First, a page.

I feel like I get laid purely by accident. Which, when I read that sentence by itself, makes me sound like a total douche. But really, I’m not a pickup artist or the hot guy at the bar. Any time a woman wants to have sex with me there is still a little part of my brain that goes, “She wants to sleep with me. Isn’t that silly?”
Girls were not much of an option for me for during a large chunk of my life. I was a socially awkward, friendless, chubby high schooler. I never wanted to fuck the hot chick at school but instead wrote love poems to my crush-of-the-month. So when a feminist porn producer/actress began unbuckling my belt one night last month, there was some explanation needed for how this came to be.
I wrote an article for xoJane in July about male eating disorders and my struggles with body image. (Remember me?) You ladies were extremely supportive and (mostly) had nothing but kind words for me. Your tweets and emails left me overjoyed — and made me feel very safe after opening up about a subject so near and dear to my heart.
Men are not traditionally supposed to display their emotions and it’s not considered manly to be so vulnerable. But I’ve never really been “one of the guys.” I always felt more comfortable with girls and gay men in college than I did with my straight male peers.
Even now, in addition to being a man on Weight Watchers, I tend to run into a lot of gender role reversals. I’m a sensitive, witty guy who loves football and crying during Tom Hanks movies. It wasn’t unheard of in college to catch me on a Sunday afternoon in the common area watching the Jets game drinking a beer . . . while knitting a sweater.
Looking back, a few girls tried to get my attention growing up. I was just super clueless. The first girl to express any interest in me chased me home from church one Sunday afternoon, asked if I had a girlfriend, ignored the terrified look on my 13-year-old face, and asked me out. My first relationship was born!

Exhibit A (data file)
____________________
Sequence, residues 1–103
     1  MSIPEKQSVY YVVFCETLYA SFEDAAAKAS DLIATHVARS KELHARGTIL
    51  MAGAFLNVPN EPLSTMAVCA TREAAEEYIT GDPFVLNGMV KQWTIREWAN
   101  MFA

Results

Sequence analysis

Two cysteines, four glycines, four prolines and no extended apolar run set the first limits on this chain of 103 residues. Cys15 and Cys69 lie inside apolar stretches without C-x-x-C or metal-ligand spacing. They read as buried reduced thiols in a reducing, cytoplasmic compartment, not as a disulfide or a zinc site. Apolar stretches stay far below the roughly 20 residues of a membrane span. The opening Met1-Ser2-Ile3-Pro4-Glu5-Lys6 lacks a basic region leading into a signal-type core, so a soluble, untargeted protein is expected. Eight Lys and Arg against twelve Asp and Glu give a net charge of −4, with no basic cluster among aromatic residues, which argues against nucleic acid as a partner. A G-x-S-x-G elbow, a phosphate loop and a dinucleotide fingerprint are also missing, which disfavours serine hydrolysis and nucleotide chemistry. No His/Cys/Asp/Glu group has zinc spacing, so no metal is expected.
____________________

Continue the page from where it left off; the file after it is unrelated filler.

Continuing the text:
Years later, she would introduce me to her cousin — with whom she was trying to get pregnant. Later come-ons by female suitors were probably overlooked by a nervous teenager desperately trying to fall in love. And maybe touch some boobies.
See, I’m currently single — but not for lack of trying. I do fairly well with women, but I seem to find the ones who tell me they want to keep things “super casual.” I love sex — but I also love love. Sadly I have had a hard time mixing the two. So I started a podcast (I have a podcast; who doesn’t?) to figure out where I’ve been going wrong.
I host a dating and sexuality show called The Manwhore Podcast: A Sex-Positive Quest for Love. Each week I sit down with former hook-ups and failed romantic endeavors to talk about sex, dating, sexuality, and gender. The podcast allows me to discuss topics I am very passionate about, such as comprehensive sex education, gender equality, and slut-shaming. It also allows me to gain insight into my past relationships with women to prevent future follies. I figure the best way to hear about why things ended would be to ask the women themselves!